First post - because even 2k characters aren't always enough

Why now?

I have set up this blog for quite a while, because I could learn so much from very smart people sharing their thoughts on the Internet. I thought back then it could not hurt to add my two cents here and there - from an often different, but hopefully nevertheless interesting perspective.

So far I have been too busy/lazy, but Tsahi finally managed me to react on a recent post of his. I wanted to write a short comment but being an unexperienced writer for these sorts of texts it became somewhat too extensive to comment (UCS has a character limit, please bear with me nevertheless) so the response might as well serve as first post here.

My thoughts on Telco's & WebRTC...

... in the light of Tsahi's blog.

I think the article about "The Tragedy of WebRTC is UC and IMS" is not bad; I second many points Tsahi makes, but I disagree with quite a bit about the concluding statement:

"The worst thing that happened to WebRTC? The fact that we telecom guys have embraced it so closely."

Well, enough at least that I try to comment from my perspective - from within.

I may get Tsahi's points and also know that one needs to exaggerate at times in order to make them, but the conclusion is still too general and too massive for me.

There are people (like myself) in Telecoms, who repeated the need to change for many years, but were often ignored. Sure, "we" sometimes had our "pet projects" and contributed with thoughts different to "Telco mainstream", but that was still a minority, rather tolerated than embraced by the majority of our peers.

Only now is the point where "we" get attention of some sort. Only now is the point, and this is also thanks to recent development, incl. WebRTC to a large extent, where "we" can show and implement use cases ourselves (literally, I mean) and let actions follow words. Before that was hardly possible for some of the discussed topics, at least for those of "us" that had a "normal" day job (not in a large operator's R&D or a Digital unit) and were no professional coders - not to mention having no budgets for these kinds of things.

I personally see a huge benefit in being able to make actual proof of concept implementations for the points I am trying to make myself. And even if upper management or non-tech people get pitches from everywhere and many know WebRTC only as a buzzword (hugely, by the way, stimulated by traditional vendors, which deserve also a big portion of the blame given to the Telcos), it is still rather helpful than harming in my humble opinion.

The web will do what it does best and still bring major disruptions, and I even hope for that to some extent, but by embracing it ourselves and moving both our services and thinking forward I still believe we can do "more good than bad" if you wish.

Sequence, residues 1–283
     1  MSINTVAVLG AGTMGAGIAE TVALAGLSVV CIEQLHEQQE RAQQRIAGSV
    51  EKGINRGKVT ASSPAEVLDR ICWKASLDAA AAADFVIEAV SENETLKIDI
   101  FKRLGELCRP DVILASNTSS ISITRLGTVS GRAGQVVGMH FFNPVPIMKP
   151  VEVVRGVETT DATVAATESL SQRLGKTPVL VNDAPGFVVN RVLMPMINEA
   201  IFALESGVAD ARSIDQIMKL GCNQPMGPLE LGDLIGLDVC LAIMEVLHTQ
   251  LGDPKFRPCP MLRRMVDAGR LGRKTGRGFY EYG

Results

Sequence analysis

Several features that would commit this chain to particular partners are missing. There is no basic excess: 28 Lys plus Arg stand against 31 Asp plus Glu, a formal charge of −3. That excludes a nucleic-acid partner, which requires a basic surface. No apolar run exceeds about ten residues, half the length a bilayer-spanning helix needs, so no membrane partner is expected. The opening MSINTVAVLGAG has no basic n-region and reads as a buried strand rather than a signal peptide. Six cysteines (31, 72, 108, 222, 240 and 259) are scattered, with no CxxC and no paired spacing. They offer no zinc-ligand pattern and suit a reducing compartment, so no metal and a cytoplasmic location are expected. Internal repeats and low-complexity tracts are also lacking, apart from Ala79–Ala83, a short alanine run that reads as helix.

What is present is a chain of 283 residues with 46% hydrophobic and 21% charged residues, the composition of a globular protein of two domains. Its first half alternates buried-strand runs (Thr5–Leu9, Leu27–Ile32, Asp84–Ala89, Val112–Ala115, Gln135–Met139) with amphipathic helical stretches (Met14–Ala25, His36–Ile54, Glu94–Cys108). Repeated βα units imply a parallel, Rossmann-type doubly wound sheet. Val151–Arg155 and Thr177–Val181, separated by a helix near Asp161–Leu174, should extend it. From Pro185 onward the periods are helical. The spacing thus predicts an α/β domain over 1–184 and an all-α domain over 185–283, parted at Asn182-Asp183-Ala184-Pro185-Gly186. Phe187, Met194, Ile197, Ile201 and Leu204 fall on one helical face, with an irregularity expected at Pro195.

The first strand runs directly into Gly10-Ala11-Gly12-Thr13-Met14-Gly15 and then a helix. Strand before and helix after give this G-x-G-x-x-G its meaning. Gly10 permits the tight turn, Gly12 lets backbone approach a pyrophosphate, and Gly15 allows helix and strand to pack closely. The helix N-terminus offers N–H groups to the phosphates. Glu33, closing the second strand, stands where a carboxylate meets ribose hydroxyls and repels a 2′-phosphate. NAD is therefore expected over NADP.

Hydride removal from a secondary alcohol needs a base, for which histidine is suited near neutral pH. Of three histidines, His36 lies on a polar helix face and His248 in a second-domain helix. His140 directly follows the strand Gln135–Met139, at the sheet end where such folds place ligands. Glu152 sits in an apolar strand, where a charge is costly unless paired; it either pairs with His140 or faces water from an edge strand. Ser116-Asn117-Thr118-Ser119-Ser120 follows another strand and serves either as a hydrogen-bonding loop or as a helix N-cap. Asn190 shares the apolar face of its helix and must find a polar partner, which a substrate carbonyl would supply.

I tend to feel "guilty" at times - talking about WebRTC as a Telco guy, because of the preconception that coming from a Telco, how can I possibly think about anything but IMS - but the world is not black and white and there are people, and I am talking own experience here and know a few others, too, that have a great vision way beyond telephony.

An important point I have understood - and not only by myself, but being reminded about often by others - is that it makes no sense to leave it all behind just yet.

So why not use opportunities of WebRTC, APIs (massively important also w.r.t. WebRTC but often not mentioned), the shift towards software etc. as something good to improve our products for our customers? Is it a bad thing "we Telco guys embraced WebRTC so closely"?

I don't think so.

Just look at the recent event that Alan organized: TADSummit or TADHack. Both event names have Telecom in it and yet the outputs of TADHack are so amazing. I believe it is because the following points are met:

  • It is not organized by the "traditional Telco people" (the IMS fans if you wish)
  • It is applying new thinking without often biased legacy background of those participating (or those who have that background are smart enough to use it for the better and not to slow things down by musing in an antiquated Telco-world view that does not exist any longer)
  • And last but not least: I do believe the success is also due to the fact that there ARE assets Telco's have and they have been used to build these application (I mean obviously APIs here and the increase of actually understanding and using exposure instead of just standardizing it).

I could agree with you if you would say Telco = Telephony (I mean in the aspect of communications, of course we do MUCH more than that). And often this is true. But not always and it becomes less as we speak (at least that is my hope :). There are many smart people still within the industry that try to change things for the better.

Let's just think beyond telephony, and there is still space for both the Telco generation that comes after the conservatives and the Web, with all pros and cons that come along with it for us.

Some communications parts will die out, some service will reshape massively, many more new will arise in forms we never imagined driven by paradigms we never knew or embraced ourselves (more now on the web than not - that is clear - and also more without any relation or requirement to legacy - clear, too), but I do not believe Telco's are holding anything back or are anyhow "bad for WebRTC".


Not sure I need to point out the obvious, but I am sharing my personal views in this blog. They do not reflect those of my employer.

Sebastian Schumann

Sebastian Schumann

VP Engineering @immmr. Dedicated to the evolution of communication services (VoIP/WebRTC...) beyond legacy & GSMA. Focus on the convergence of Telco + Web.

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First post - because even 2k characters aren't always enough
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